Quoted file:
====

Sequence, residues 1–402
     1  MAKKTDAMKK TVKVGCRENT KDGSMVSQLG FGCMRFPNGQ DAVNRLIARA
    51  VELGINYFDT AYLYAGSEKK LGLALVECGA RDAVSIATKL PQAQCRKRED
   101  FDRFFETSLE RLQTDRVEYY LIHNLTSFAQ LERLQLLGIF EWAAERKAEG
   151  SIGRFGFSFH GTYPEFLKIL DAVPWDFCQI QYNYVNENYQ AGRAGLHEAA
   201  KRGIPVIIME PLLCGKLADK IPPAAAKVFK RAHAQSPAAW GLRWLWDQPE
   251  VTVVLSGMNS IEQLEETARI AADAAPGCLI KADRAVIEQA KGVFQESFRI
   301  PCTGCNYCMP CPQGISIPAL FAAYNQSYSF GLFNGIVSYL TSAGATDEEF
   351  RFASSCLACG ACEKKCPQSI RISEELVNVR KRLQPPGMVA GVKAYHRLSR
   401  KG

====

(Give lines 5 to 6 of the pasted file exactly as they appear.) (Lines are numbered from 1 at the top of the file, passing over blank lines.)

   151  SIGRFGFSFH GTYPEFLKIL DAVPWDFCQI QYNYVNENYQ AGRAGLHEAA
   201  KRGIPVIIME PLLCGKLADK IPPAAAKVFK RAHAQSPAAW GLRWLWDQPE